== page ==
Dennis Lehane, Moonlight Mile
A rock-solid character piece
Detective fiction is where 20th — and now 21st — Century authors revive the archetype of the chivalrous knight, pitting that character against modern mores. Few stories crystallized that conflict as well as Dennis Lehane’s Gone Baby Gone, his fourth novel about investigators Patrick Kenzie and Angie Gennaro, in which Patrick returns a missing girl to her negligent mother, over Angie’s relationship-shattering objections. His actions were mandated not only by the law but by his job — what else is a detective to do, no matter the cost?
That’s the question explored by Moonlight Mile, Lehane’s first return to Kenzie and Gennaro in more than a decade. The 4-year-old Patrick rescued in Gone Baby Gone is now 16 and has gone missing again, dredging up all the old issues at a time when Patrick wins his bread doing corporate sleuthing he finds distasteful. It’s a smart springboard back into these characters’ lives, and Kenzie’s reflections and raw recriminations are the best part of Moonlight Mile.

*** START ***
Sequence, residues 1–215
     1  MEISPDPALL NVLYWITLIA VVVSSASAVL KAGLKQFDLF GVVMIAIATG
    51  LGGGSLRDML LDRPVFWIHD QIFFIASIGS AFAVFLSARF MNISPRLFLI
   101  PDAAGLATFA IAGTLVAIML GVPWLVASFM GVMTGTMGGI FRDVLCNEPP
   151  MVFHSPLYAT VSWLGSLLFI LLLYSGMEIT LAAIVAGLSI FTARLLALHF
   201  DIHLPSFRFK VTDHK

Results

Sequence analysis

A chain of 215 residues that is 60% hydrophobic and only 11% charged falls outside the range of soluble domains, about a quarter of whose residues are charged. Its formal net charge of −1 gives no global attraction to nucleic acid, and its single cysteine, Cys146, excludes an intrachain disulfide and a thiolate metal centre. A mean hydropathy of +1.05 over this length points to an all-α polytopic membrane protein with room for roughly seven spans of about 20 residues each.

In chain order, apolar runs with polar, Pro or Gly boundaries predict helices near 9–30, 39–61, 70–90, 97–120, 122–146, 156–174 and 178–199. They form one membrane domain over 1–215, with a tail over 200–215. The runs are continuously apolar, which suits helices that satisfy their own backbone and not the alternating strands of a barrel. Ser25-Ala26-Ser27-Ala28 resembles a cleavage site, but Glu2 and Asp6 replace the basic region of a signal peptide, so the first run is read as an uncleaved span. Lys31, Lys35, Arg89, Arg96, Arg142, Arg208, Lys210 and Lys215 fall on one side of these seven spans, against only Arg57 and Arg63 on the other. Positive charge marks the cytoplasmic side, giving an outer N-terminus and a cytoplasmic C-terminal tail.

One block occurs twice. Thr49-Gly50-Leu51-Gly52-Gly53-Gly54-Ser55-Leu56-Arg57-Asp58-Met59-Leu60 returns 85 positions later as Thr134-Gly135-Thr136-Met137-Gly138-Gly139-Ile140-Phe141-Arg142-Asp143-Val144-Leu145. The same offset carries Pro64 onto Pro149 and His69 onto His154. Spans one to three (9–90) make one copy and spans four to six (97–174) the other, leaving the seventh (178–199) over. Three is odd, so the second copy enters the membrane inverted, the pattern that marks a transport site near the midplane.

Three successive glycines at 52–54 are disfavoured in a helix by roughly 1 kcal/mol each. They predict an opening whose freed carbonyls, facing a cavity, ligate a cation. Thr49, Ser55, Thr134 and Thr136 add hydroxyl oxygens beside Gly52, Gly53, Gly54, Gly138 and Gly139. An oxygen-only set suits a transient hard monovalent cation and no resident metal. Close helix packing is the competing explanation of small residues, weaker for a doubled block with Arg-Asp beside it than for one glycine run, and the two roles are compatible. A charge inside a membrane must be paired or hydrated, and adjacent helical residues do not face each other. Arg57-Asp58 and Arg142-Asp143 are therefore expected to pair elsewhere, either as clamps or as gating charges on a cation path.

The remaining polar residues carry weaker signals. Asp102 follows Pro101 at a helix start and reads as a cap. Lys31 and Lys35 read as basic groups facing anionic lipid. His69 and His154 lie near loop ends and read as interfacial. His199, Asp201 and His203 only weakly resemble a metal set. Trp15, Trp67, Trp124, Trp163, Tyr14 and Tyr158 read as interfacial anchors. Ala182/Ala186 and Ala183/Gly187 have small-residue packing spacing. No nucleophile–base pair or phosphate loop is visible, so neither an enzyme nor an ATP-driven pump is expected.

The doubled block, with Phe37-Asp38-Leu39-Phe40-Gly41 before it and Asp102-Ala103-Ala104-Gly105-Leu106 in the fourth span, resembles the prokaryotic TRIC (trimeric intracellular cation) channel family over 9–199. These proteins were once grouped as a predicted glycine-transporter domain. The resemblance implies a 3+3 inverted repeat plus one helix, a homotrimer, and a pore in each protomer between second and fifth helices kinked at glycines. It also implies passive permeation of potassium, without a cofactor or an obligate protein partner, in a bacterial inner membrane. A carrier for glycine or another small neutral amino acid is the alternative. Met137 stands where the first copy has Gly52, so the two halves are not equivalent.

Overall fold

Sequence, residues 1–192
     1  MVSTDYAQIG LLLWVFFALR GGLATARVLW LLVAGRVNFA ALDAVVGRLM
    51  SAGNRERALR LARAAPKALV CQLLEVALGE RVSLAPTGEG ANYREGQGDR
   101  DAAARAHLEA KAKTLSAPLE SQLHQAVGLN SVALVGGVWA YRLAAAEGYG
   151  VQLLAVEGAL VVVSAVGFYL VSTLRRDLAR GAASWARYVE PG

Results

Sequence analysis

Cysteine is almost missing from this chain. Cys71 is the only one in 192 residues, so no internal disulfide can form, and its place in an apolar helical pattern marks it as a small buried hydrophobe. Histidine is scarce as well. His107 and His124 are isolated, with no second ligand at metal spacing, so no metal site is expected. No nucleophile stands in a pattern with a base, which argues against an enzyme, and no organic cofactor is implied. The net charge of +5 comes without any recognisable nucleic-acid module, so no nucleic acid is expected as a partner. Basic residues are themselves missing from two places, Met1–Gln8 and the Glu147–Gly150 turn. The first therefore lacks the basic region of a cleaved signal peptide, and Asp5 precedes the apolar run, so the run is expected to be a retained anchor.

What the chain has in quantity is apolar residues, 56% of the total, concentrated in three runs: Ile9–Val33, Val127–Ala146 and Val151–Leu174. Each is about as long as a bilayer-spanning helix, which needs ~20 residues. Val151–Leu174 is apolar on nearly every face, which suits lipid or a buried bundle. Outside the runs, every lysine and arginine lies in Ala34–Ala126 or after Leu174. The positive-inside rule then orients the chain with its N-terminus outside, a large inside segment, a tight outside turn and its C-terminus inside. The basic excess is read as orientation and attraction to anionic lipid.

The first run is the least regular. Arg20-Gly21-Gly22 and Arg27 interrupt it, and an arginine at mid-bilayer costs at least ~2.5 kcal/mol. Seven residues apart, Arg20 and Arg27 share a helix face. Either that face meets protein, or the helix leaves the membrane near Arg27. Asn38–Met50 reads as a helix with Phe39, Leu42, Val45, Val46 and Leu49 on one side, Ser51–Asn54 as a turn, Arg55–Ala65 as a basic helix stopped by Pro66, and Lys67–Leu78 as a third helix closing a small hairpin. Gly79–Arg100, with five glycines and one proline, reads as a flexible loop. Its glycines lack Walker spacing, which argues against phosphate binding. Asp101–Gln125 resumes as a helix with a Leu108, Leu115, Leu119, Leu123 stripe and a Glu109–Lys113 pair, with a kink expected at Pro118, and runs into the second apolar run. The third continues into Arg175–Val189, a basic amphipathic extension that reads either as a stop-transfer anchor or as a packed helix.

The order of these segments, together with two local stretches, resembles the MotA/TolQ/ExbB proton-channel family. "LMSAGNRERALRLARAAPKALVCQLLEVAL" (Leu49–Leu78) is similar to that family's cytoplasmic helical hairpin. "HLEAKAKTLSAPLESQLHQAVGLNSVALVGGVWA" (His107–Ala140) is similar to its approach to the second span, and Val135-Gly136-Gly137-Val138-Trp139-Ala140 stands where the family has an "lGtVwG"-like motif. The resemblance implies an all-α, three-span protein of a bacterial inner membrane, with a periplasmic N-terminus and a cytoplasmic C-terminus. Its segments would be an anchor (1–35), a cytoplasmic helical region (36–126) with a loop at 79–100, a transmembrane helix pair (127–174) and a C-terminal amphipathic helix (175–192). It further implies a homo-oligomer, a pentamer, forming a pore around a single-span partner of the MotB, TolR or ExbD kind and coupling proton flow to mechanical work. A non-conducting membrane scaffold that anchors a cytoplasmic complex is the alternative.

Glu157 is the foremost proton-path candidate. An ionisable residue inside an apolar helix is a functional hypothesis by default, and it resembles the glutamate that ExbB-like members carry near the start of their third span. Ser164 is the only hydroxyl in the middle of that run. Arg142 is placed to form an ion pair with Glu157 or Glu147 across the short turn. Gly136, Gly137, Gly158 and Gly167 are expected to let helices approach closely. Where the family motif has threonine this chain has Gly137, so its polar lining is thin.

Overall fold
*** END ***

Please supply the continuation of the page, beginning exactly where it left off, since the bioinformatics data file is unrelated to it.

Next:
There’s a degree to which Moonlight Mile feels a little like fan service — one last story to close out these characters and suggest a possible happy ending. But even if you only know the characters from the film version of Gone Baby Gone, you’ll slip comfortably into their shoes here. The novel, while compelling throughout, is slightly absurdist — once you’ve read it, ask yourself how its central mysteries might have resolved had the Kenzies not gotten involved — but it’s a rock-solid character piece all the way down, written with all of Lehane’s charms.